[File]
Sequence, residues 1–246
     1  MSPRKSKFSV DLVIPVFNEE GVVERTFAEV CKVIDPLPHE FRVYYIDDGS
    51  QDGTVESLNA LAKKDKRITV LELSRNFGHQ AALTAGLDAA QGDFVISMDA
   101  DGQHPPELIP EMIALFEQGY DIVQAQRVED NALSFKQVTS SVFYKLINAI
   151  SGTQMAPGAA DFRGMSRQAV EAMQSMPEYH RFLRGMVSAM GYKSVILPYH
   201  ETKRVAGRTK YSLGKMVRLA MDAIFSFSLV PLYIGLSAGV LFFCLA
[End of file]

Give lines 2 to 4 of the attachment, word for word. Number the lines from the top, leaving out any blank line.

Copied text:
     1  MSPRKSKFSV DLVIPVFNEE GVVERTFAEV CKVIDPLPHE FRVYYIDDGS
    51  QDGTVESLNA LAKKDKRITV LELSRNFGHQ AALTAGLDAA QGDFVISMDA
   101  DGQHPPELIP EMIALFEQGY DIVQAQRVED NALSFKQVTS SVFYKLINAI